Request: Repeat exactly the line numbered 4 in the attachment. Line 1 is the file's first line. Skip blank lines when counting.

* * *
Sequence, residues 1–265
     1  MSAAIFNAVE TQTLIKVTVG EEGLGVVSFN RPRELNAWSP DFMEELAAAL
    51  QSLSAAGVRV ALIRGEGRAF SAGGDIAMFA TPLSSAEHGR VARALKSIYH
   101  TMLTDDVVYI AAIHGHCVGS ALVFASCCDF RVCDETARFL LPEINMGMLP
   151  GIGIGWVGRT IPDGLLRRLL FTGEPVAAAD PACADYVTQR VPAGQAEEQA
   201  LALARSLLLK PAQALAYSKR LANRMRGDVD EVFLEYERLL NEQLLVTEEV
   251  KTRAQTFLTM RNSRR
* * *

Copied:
   101  TMLTDDVVYI AAIHGHCVGS ALVFASCCDF RVCDETARFL LPEINMGMLP